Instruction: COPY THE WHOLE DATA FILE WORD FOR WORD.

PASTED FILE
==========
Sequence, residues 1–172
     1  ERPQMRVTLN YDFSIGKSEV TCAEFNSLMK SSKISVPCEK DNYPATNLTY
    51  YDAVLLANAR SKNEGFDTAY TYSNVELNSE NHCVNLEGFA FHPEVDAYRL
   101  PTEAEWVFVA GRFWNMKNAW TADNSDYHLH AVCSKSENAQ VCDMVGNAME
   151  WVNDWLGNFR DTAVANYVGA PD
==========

Sequence, residues 1–172
     1  ERPQMRVTLN YDFSIGKSEV TCAEFNSLMK SSKISVPCEK DNYPATNLTY
    51  YDAVLLANAR SKNEGFDTAY TYSNVELNSE NHCVNLEGFA FHPEVDAYRL
   101  PTEAEWVFVA GRFWNMKNAW TADNSDYHLH AVCSKSENAQ VCDMVGNAME
   151  WVNDWLGNFR DTAVANYVGA PD